RAF Lakenheath F-15 jets painted in wartime colours
US airmen have spent more than two weeks painting modern F-15 jets to look like their World War Two counterparts.
The 48th Fighter Wing, based at RAF Lakenheath, has unveiled the first of three "heritage" aircraft to mark the 75th anniversary of D-Day in June.
American crews at the base in Suffolk painted the fighter jet to look like a P-47 Thunderbolt, with chequered nose, stripes and several national insignias.
Col Will Marshall said it paid tribute to "the 48th Fighter Wing legacy".
The commemorative work - which also saw a Statue of Liberty painted on the F-15's tail - took just over 640 hours and used £11,500-worth of paint.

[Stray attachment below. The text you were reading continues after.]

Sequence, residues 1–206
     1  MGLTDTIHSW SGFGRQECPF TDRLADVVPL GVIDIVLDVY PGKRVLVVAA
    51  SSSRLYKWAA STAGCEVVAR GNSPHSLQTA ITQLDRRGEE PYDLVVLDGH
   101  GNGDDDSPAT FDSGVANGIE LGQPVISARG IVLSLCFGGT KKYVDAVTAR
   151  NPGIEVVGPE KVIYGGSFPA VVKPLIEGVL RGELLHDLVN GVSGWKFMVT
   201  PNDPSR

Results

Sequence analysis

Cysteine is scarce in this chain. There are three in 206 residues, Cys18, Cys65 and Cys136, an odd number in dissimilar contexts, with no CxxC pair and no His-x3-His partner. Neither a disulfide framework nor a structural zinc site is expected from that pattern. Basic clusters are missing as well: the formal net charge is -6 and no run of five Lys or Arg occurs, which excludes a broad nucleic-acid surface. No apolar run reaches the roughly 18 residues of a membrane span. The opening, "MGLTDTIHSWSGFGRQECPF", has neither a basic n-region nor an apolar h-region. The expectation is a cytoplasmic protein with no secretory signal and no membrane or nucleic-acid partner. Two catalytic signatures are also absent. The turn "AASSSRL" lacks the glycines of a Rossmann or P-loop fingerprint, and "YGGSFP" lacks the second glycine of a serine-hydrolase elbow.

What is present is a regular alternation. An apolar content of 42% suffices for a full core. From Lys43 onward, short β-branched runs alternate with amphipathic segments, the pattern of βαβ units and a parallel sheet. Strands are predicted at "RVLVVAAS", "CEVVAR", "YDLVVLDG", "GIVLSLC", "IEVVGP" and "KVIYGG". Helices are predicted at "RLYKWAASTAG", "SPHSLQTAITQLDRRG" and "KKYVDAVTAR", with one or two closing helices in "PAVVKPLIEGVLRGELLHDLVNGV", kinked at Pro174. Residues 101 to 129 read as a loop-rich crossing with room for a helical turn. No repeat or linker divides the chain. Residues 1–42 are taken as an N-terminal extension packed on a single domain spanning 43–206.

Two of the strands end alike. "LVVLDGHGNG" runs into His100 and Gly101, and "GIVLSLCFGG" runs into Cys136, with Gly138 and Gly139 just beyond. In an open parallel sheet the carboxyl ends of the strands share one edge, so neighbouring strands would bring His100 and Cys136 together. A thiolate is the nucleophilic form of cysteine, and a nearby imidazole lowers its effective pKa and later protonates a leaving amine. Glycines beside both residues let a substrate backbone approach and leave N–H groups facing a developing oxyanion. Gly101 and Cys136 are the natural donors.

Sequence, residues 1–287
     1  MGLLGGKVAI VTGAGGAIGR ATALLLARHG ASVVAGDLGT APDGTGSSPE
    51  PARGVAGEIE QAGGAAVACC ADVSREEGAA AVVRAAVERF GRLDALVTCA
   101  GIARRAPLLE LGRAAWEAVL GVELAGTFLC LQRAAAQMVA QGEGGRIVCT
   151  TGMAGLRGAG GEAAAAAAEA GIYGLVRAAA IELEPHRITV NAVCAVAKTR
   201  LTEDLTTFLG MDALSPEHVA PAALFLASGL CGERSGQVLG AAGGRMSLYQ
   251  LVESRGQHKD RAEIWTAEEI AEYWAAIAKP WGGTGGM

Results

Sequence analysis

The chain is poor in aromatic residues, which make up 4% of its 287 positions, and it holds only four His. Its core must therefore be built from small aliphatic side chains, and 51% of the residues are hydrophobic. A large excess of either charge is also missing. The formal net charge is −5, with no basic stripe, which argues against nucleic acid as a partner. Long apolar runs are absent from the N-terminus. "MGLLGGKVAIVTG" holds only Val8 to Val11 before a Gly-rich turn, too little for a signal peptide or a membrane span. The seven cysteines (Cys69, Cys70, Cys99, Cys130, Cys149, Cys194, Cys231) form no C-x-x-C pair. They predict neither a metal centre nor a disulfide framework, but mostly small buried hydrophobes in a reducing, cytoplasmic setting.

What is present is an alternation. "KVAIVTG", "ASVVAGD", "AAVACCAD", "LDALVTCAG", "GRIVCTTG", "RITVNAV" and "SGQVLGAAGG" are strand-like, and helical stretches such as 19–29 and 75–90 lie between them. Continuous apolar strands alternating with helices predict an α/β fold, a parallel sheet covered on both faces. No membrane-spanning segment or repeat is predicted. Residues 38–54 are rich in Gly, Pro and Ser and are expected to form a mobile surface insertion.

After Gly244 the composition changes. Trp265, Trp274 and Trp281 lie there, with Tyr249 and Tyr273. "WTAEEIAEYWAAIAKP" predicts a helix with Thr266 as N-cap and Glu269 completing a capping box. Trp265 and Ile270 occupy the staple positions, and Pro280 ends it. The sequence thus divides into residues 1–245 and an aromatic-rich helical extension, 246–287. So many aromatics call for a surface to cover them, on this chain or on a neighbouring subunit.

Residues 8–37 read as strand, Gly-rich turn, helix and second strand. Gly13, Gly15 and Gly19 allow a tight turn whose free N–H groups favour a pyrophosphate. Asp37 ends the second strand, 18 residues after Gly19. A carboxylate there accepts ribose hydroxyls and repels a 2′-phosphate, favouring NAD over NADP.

During World War Two, the 48th Fighter-Bomber Group flew P-47s to support the Allies in Europe.
It was involved in the D-Day invasion, on 6 June 1944, when crews flew 2,000 sorties from RAF Ibsley in Hampshire, dropping about 500 tonnes of bombs and firing more than 160,000 rounds of ammunition.
National insignias painted on the side of the jets showed they were American.
Lakenheath had been solely used by the RAF during the 1939-45 conflict and was abandoned as an operational base at the end of the war.
The United States Air Force's 48th Bombardment Group, the forerunner of the 48th Fighter Wing, was relocated from Chaumaunt, France, to RAF Lakenheath in 1960 when the USAF took over the base.
Staff Sgt Joel Campbell said he "loved" working on the project with other members of the 48th Fighter Wing - also known as the Liberty Wing.
"We took our time to make sure we got every little detail right - we wanted the paint to look its best," he said.
"The airmen feel strongly about this project and it was a good experience for all of us. It's something that will represent the Liberty Wing, past and present."